7. 7.   Thereafter these individual differences become associated as regional aggregates of cells Determinants for differences allegedly are localized either  Within the fertilized egg  Progressively partitioned as cytoplasmic determinants  Represented as small molecular signals with in or b/w individual cells that mediate differential gene regulation during development
  8. 8. Hox homeo box network  patterning of much of the craniofacial region is laid down by a cluster of genes, the Hox homeo box network.These are expressed through patterning of rhombomeres
  9. 9.   The structures of the craniofacies are largely derived from neural crest cells. They undergo extensive migrations and interactions ; in the facial region they give rise to almost all the skeletal and connective tissues Interaction of crest cells with other cells, with matrix and growth factors at various locations along the migratory path, or at their destination determine the differentiation of the cells.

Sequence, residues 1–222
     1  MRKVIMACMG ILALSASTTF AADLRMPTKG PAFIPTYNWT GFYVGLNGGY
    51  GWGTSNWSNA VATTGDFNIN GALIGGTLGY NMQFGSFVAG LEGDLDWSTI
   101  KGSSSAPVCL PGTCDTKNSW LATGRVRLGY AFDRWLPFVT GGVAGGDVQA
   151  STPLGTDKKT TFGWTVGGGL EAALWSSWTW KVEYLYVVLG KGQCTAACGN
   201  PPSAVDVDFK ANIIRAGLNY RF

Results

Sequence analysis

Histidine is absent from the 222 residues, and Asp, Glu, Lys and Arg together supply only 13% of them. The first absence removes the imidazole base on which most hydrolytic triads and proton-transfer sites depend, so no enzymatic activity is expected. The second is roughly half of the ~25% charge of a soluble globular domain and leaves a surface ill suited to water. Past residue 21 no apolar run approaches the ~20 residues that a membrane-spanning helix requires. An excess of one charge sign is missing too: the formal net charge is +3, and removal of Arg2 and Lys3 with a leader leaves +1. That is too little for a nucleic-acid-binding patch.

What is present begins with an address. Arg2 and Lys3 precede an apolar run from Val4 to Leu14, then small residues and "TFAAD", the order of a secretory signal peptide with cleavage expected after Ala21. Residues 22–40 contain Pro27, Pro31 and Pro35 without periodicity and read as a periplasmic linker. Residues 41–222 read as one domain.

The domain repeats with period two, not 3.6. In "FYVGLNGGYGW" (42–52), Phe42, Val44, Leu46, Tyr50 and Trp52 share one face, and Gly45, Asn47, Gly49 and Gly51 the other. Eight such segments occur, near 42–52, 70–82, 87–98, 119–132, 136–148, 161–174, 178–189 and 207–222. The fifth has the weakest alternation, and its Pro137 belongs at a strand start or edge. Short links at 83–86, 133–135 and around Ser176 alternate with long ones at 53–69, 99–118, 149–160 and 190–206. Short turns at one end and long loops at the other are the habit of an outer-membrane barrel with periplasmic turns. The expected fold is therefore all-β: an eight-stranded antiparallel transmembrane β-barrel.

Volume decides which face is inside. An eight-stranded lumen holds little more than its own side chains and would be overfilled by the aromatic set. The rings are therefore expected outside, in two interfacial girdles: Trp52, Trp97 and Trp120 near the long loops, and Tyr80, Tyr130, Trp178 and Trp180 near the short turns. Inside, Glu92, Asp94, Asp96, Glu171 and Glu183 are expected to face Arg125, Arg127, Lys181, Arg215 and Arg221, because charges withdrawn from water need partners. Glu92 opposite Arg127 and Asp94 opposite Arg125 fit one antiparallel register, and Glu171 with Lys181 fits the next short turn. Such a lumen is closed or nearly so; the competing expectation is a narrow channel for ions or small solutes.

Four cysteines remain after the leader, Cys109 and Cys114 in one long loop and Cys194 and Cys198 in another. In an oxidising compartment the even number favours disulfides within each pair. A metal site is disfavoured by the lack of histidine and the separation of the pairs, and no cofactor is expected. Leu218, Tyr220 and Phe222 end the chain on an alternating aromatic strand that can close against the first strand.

10. 10.  Failure of neural crest to migrate, inadequate migration, failure to proliferate during migration, and premature cell death (necrosis) serve as a basis for the many syndromes, collectively known as neurocristopathies
  11. 11. ETIOLOGY         Chromosomal disorders Single gene disorders Multifactorial inheritance Maternal infections in pregnancy Maternal metabolic derangements Maternal use of medication Radiation exposure Disturbances of embryonic differentiation and fetal growth